clock menu more-arrow no yes

Filed under:

Scandal or Just Stupidity?

New, 3 comments

UPDATE:  Here is the full statement from Stars, Stripes and Skates in response to the recent New York Post article.

 

So, the past few days have seen a couple of articles about a charity run in part by Johnny Weir's agent, Tara Modlin.  Modlin was an organizer of 9/11 Families Giving Back, a charity for terror victims and families of terror victims. The charity raised money through the "Stars, Stripes, and Skates" shows.  The New York Post and other outlets are reporting that no money was ever paid to any beneficiaries (although it appears that the charity changed its mission from helping victims to just general 9/11 awareness pretty early on).  Additionally, the reports are that the IRS stripped the charity of its tax exempt status because of a failure to file income reports.

Modlin states in the Post that the tax issue was because a volunteer accountant did not file the reports.

The link to the Post article.

**Updated:  I am going to point out that the Post article has pertinent facts wrong, such as naming skaters who did not even appear in the shows.  I have removed those skaters names and apologize for ever putting that blurb on the blog...

According to CBS, Modlin has released a statement including the following:

In a statement, Modlin said: "We were not singled out for fraudulent practices, nor has the IRS targeted the foundation for such. I inadvertently missed the filing re-certification deadline of May 2010."

Modlin calls it an oversight, and as for the $200,000 she said the shows took in over 10 years, she claims to have never taken a dime, putting all the money back into the shows.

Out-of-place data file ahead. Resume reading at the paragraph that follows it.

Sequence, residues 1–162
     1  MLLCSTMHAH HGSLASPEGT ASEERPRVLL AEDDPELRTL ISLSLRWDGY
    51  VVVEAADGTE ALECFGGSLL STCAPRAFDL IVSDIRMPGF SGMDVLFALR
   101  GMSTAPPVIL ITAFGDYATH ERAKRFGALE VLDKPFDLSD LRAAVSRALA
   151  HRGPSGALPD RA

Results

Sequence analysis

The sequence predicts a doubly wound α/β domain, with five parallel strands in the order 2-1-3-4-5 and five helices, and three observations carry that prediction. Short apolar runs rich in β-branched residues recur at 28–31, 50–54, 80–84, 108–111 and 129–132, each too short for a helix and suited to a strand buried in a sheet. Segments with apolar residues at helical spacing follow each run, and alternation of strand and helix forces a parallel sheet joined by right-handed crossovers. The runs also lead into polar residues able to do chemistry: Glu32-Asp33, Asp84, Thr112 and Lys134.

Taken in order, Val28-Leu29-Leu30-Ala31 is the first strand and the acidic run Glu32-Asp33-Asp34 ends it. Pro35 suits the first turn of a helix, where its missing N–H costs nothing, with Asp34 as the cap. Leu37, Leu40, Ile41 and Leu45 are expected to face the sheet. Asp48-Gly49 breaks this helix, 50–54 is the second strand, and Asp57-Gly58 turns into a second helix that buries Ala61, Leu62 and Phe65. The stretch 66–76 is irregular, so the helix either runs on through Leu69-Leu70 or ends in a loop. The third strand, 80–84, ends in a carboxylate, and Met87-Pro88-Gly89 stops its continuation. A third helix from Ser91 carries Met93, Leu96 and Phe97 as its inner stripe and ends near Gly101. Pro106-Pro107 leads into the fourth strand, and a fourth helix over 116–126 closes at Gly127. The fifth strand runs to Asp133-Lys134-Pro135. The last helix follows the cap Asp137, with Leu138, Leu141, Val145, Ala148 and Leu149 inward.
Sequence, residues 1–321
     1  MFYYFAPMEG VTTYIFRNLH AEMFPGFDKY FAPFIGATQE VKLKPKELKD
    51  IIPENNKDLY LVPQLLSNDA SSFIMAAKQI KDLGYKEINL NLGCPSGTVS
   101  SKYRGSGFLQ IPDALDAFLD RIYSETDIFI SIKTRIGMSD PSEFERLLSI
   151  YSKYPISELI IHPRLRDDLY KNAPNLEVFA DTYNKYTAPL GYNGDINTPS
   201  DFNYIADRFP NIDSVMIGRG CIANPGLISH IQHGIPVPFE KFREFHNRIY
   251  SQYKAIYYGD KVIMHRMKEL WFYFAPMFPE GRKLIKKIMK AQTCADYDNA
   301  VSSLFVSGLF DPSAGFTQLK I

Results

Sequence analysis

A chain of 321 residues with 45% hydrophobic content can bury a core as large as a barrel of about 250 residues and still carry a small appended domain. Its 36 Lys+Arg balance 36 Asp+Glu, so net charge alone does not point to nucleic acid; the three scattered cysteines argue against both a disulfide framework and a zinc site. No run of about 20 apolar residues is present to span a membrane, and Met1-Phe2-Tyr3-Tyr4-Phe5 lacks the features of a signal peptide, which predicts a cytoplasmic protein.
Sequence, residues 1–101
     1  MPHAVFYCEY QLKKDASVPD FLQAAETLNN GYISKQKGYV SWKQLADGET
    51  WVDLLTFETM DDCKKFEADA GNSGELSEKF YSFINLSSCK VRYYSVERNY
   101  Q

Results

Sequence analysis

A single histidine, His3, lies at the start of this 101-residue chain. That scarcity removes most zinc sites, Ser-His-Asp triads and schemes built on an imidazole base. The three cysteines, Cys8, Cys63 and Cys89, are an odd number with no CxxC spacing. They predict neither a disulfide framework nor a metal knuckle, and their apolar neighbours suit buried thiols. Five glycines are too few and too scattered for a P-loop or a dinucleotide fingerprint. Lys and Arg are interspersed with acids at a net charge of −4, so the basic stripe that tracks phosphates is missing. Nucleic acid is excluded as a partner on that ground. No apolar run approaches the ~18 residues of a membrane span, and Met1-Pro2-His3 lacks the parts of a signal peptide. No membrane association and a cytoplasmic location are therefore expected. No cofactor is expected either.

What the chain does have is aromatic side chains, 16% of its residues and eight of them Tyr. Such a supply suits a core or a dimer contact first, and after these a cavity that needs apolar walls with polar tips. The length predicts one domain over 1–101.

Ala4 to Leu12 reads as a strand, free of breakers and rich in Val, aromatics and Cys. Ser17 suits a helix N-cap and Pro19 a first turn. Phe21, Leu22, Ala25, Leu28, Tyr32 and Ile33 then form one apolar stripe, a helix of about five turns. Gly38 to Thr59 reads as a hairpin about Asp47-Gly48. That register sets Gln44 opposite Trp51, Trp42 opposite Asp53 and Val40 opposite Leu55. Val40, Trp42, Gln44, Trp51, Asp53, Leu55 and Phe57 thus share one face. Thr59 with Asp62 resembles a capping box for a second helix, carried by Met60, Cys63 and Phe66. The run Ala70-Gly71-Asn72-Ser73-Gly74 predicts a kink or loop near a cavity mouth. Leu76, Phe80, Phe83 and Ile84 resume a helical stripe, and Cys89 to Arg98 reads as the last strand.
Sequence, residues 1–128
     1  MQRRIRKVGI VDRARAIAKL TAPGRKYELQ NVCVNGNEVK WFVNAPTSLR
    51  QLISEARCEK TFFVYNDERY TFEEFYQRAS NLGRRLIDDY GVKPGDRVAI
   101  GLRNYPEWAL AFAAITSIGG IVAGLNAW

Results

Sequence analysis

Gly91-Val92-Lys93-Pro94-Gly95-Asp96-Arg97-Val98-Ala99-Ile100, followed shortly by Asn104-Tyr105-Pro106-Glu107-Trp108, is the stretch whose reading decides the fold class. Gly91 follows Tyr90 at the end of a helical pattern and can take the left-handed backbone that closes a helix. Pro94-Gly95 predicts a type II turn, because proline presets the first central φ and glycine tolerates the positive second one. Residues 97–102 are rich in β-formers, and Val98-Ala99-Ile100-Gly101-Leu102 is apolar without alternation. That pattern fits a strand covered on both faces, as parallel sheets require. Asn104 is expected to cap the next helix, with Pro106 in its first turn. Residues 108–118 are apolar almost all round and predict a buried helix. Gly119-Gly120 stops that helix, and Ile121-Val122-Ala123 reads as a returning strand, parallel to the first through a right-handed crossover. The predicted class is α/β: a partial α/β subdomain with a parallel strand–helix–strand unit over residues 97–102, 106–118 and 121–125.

It is important to reiterate from above that it appears that the charity is only being accused of failing to file forms. And some articles and sources are implying that the charity was misleading because it never actually paid out any money to victims (this is not illegal, though, if the charity never claimed it would do so).  It has also been reported that young skaters looking to participate were encouraged to pay audition fees and donations.

Apparently Modlin told the Post that the group changed its mission to focus on the memorial skating shows. It rubs me the wrong way that the charity is taking people's money on the pretext of teaching people about 9/11 through a skating show; I just don't really understand how that worked.  I think maybe it's time for the group to examine whether its mission is truly being accomplished and whether ticket purchasers and contributors really understand that the money is only going back into the ice shows.  

Some major skaters and their families have been coming out to deny involvement, which I guess are efforts to distance themselves from this because it's definitely being reported sensationally right now.